Market Summary


Winter Storm Sage has brought cold temperatures, snow, and wind across the U.S. The storm impacted the Western U.S. last week before traveling across the mid-west and into the northeast. Sage has already produced white-out conditions to several areas of the country. The Weather Channel expects the storm to dissipate towards the end of the week. For the week ending March 11, the weather in the U.S. was 2.5 percent warmer than last year and 3.7 percent warmer than normal. All regions experienced warmer temperatures than normal except the Mountain and Pacific regions.


The EIA reported a 6.1 Bcf per day decrease in total U.S. consumption from 91.2 Bcf to 85.1 Bcf for the week ending March 8. The decrease in consumption was primarily driven by a week-over-week decrease of 4.6 bcf per day in the residential and commercial sectors from 35.9 Bcf per day to 31 Bcf per day. However, the second full week of March has seen a demand uptick in the residential and commercial sectors. As Winter Storm Sage makes its way across the northeast, demand is expected to remain elevated across the northeast through the week ending March 17.


The EIA’s Natural Gas Weekly Update reported dry gas production fell only marginally from 100.8 Bcf per day to 100.7 Bcf per day for the week ending March 8. Although the week-over-week decrease in dry gas production is slight, dry gas production has increased by 5.4 percent year-over-year for the same time period. Additionally, the latest EIA drilling productivity report projects a year-over-year increase in production in every reporting region for April 2023.

Pipeline Imports and Exports

The Energy Information Administration reported a 0.7 Bcf per day week-over-week decrease in imports from Canada from 5.0 Bcf per day to 4.3 Bcf per day for the week ending March 8. Exports to Mexico remained unchanged week-over-week for a consistent 5.4 bcf per day. Similarly, imports from Canada are down 0.5 Bcf per day year-over-year, and exports to Mexico are down 0.1 Bcf per day year-over-year.

LNG Markets

The EIA’s Natural Gas Weekly Update reports that overall natural gas deliveries to LNG export terminals increased 0.6 Bcf per day week-over-week from 13.2 Bcf per day to 13.8 Bcf per day for the week ending March 8. Deliveries to East Coast export terminals remained relatively unchanged while natural gas deliveries to terminals in South Louisiana and South Texas both increased. Sourcing Bloomberg, EIA reported twenty-five LNG vessels with a combined carrying capacity of 92 Bcf departed the U.S. between March 2 and March 8. Freeport LNG released a statement reporting the facility received regulatory approval from the Federal Energy Regulatory Commission (FERC) and the Pipeline and Hazardous Materials Safety Administration (PHMSA) on March 8 to restart train 1. This restart represents the final train of Freeport LNG’s three-train liquefication facility to receive regulatory restart approval. The restart of trains one and two have produced roughly 1.5 Bcf per day, and additional changes to production and feedgas flows are anticipated as the last train comes back online. The EIA’s March edition of the Short-Term Energy Outlook released on March 7 anticipates exports of LNG will continue to drive growth in U.S. natural gas exports over the next two years. The EIA forecasts exports will average 12.1 Bcf per day in 2023, a 1.5 Bcf per day in exports compared to 2022. Continued high global demand for U.S. LNG is driven by east Asian markets and Europe’s need to substitute pipeline gas from Russia. The EIA reported international natural gas futures prices decreased to their lowest levels since July 2021 for the week ending March 8. Weekly average prompt-month futures at the TTF dropped $1.44 to a weekly average of $13.66 per MMBtu; representing a $47.42 decrease in the prompt-month future price since March 2022.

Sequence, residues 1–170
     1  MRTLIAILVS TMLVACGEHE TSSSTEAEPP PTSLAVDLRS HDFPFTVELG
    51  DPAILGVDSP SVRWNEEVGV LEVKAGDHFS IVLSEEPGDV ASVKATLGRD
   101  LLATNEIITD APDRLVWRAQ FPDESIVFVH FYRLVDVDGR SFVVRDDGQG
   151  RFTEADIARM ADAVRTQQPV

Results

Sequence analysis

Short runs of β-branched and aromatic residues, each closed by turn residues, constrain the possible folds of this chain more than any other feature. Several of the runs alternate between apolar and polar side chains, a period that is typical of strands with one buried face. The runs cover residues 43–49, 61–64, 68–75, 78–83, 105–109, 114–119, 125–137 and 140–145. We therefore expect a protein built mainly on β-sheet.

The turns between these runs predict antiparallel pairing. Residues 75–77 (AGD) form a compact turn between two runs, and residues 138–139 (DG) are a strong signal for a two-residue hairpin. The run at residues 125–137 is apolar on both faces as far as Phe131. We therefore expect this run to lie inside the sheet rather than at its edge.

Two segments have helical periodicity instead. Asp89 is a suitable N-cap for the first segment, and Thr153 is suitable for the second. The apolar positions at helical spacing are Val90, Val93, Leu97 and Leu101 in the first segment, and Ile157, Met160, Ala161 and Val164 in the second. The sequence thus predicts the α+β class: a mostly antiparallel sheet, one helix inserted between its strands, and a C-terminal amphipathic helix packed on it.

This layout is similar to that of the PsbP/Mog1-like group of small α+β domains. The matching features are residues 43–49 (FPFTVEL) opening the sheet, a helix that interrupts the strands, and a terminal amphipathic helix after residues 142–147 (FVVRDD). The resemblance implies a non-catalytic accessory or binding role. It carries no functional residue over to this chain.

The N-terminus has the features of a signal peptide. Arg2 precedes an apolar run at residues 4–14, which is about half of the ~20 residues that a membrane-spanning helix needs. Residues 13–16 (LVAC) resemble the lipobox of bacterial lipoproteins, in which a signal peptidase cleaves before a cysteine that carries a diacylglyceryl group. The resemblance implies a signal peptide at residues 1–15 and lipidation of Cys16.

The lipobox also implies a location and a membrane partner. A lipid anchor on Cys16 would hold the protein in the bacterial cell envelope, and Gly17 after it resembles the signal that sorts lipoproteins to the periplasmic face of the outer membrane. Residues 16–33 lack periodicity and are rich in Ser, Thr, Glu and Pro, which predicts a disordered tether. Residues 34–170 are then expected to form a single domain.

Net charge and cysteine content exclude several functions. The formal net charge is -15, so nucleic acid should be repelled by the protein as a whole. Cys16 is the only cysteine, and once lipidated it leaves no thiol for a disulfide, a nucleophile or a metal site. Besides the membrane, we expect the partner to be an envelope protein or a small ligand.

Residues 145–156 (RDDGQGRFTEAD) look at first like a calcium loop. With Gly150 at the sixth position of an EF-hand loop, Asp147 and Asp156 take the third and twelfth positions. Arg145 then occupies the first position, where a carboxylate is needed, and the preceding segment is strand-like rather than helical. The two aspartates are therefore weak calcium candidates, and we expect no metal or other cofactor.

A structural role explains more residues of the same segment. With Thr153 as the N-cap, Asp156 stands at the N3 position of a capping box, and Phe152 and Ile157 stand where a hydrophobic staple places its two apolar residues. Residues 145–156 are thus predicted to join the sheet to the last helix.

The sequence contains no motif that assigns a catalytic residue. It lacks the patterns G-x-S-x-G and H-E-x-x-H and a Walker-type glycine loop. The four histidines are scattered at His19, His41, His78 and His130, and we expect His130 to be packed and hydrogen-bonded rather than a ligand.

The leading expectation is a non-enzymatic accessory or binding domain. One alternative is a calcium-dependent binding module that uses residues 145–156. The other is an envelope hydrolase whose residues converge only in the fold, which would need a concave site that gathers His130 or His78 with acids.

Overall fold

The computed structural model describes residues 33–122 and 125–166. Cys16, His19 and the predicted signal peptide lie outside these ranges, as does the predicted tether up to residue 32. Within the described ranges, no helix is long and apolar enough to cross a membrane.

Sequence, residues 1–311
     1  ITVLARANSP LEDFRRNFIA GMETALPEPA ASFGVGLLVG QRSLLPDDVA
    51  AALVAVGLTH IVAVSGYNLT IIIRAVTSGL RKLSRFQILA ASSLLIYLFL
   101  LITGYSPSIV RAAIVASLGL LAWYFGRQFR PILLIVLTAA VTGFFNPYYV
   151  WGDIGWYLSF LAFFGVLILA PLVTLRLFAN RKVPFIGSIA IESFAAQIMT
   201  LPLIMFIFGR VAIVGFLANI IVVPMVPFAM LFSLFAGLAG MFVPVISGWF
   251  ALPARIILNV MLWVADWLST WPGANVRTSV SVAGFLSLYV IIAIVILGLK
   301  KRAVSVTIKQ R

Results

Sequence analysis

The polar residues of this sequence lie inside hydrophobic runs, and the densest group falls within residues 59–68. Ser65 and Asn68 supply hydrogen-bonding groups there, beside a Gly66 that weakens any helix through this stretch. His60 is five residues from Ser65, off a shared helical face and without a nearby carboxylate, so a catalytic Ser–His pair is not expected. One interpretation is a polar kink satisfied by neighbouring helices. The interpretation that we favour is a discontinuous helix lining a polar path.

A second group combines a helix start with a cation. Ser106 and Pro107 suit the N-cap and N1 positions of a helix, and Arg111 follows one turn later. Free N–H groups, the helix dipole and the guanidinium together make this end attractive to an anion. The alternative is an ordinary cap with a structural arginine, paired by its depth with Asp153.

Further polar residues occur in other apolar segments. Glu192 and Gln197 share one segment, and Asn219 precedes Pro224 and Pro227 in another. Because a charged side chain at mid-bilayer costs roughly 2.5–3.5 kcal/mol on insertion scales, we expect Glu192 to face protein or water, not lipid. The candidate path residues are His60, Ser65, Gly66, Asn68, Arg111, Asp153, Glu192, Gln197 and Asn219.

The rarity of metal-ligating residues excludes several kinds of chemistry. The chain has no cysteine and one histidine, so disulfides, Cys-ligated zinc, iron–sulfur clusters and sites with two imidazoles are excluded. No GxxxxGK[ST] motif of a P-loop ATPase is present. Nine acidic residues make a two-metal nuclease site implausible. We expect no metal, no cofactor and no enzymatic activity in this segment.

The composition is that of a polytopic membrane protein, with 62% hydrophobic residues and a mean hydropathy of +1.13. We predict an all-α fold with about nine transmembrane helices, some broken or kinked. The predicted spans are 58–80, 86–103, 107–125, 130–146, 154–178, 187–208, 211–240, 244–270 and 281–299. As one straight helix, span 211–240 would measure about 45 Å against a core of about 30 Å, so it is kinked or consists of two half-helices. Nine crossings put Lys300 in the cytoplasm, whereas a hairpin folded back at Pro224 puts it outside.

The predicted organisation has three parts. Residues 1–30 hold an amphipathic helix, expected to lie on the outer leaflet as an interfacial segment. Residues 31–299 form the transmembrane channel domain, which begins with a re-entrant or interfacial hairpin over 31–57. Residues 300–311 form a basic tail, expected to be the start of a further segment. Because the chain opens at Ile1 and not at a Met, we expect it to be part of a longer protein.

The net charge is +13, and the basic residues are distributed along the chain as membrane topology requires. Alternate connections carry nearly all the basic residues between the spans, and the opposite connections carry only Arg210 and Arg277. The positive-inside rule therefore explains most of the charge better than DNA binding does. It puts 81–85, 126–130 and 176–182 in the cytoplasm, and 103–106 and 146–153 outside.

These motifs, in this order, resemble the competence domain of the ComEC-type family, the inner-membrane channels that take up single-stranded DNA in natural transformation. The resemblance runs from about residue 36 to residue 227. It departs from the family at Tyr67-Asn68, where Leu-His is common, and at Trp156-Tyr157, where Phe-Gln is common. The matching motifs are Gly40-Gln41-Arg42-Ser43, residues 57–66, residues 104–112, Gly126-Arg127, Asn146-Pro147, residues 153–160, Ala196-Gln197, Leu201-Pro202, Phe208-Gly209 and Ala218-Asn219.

Working Gas in Underground Storage

The EIA’s Natural Gas Storage Dashboard weekly update reported a net withdrawal of 84 Bcf for the week ending March 9, resulting in total working natural gas in underground storage for the lower 48 of 2,030 Bcf. The net withdrawal of 84 Bcf is 17 Bcf less than the five year average, and 42 Bcf less than the same time last year. The consistent lower withdrawals throughout this withdrawal season have pushed the total working natural gas stocks to be 21% higher than the five-year average and 32% higher than the same time last year. Additionally, the EIA’s March 9th release of the Short-Term Energy Outlook (STEO) forecasts storage levels will be in excess of 1.9 trillion cubic feet at the conclusion of withdrawal season, 23% higher than the five-year average and 27% more than the January STEO forecast.

Rig Count

The total U.S. rig count decreased by a net total of three rigs for a total of 746 rigs as of March 10. Two of the decommissioned rigs were oil-directed while one rig was gas-directed, reducing total rigs from 749 to 746. The total rig count is still up 83 rigs year-over-year.

Reported Prices

The EIA’s Weekly Storage Dashboard update continues to forecast natural gas prices to remain below $4.00 per MMBtu until late December of 2023. The EIA’s Natural Gas Weekly Update reported that regional spot prices generally fell for the report week ending March 8, the week-over-week drop in prices ranging from $0.02 per MMBtu in New York to $3.83 per MMBtu in Wyoming. Spot prices largely reflected the change in weather as Winter Storm Sage makes its across the country. As of March 14, spot prices at the Algonquin Citygate rose by 52% to around $4.20. On March 15, prompt-month futures out of the Henry Hub were trading around $2.57 per MMBtu.

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